A winding road from the airport leads to Phuket’s most famous beaches, all on the west coast. It’s no surprise, then, that millions of visitors tend to congregate here. On the less frequented eastern side of the island, the standout beaches stay low-key. Ao Yon is a prime example.
Just six kilometres from Phuket Town, Ao Yon feels a world removed from the pageantry of the bigger beaches. Although not a true swimming beach (it has a rocky seabed just offshore), it does offer idle days with postcard-quality views and tranquil evening walks along an empty shoreline. It is the definition of a hideaway, as well, located at the base of a hill and kept hidden from plain sight by overgrown trees and shrubs. The tide caresses the shoreline as it rolls in, leaving the water still and blue.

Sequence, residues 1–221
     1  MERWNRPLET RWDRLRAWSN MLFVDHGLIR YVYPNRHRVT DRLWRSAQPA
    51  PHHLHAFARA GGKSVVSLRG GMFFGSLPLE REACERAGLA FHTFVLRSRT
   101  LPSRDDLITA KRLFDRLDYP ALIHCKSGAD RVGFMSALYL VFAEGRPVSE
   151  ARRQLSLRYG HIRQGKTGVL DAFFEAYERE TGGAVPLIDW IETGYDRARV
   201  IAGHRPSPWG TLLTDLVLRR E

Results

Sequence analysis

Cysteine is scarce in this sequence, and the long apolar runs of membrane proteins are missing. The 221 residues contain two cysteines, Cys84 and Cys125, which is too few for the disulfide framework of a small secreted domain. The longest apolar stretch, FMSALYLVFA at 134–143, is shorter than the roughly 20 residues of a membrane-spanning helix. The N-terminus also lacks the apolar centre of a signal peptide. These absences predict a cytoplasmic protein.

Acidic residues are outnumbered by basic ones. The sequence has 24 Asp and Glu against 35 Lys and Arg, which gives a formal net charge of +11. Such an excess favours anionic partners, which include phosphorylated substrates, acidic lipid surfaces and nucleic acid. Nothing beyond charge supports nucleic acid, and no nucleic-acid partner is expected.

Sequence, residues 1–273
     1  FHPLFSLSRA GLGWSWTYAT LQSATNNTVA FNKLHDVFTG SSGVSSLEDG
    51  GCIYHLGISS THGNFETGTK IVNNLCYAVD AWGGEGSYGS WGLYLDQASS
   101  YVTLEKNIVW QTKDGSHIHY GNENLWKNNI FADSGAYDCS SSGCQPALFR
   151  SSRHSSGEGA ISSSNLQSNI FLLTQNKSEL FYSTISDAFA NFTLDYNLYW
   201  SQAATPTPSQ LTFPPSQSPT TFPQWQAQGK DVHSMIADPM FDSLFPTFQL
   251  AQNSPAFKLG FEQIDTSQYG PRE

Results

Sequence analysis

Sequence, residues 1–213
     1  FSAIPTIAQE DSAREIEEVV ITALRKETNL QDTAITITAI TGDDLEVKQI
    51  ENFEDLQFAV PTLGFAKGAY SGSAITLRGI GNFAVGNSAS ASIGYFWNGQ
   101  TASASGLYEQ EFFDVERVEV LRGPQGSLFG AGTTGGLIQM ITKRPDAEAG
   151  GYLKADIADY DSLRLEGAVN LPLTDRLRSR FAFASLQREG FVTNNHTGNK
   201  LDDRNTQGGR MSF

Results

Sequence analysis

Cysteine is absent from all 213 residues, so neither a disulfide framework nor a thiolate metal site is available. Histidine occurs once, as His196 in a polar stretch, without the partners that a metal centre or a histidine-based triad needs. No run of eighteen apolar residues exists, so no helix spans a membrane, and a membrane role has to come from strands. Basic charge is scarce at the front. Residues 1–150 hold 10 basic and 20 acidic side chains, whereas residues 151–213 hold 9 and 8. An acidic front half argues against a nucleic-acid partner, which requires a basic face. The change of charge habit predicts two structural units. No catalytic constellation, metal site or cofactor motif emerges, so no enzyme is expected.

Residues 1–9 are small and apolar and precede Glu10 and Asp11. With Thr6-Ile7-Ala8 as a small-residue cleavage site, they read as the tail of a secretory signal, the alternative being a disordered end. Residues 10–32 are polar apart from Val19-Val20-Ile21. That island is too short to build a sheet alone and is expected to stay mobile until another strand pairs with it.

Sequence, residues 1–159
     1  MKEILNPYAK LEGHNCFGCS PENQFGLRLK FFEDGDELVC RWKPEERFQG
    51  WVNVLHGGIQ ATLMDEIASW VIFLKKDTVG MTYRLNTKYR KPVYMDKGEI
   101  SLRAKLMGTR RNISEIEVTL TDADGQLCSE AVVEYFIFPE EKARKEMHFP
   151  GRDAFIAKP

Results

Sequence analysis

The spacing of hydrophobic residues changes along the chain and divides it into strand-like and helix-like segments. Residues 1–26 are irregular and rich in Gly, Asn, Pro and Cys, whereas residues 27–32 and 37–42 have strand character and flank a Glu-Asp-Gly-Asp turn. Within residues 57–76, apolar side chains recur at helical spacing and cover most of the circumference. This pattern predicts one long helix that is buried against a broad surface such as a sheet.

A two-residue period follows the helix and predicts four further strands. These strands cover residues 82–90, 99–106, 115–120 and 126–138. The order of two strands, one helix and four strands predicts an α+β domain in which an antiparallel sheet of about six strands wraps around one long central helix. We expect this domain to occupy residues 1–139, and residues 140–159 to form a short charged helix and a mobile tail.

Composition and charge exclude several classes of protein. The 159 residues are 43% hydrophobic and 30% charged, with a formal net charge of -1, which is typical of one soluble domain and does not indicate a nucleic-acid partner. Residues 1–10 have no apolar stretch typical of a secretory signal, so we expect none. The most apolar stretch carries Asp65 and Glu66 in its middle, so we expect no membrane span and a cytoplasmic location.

On weekends, kayaks, dragon boats, and yachts in port decorate the bay. It’s an image of perfection, the still shot of the holiday that many tourists dream about before they reach Phuket.
The beach has always been central to life and leisure on Phuket. As society grows around — and sometimes on — the sand, the search for quiet expanses, where a vacation can be a singular experience, will depend on the official pledge to protect it. In any case, a handful of beaches here still capture the essence of a perfect island escape. Let’s hope that these world-class sanctuaries remain as picturesque tomorrow as they do today.
BY CRAIG SAUERS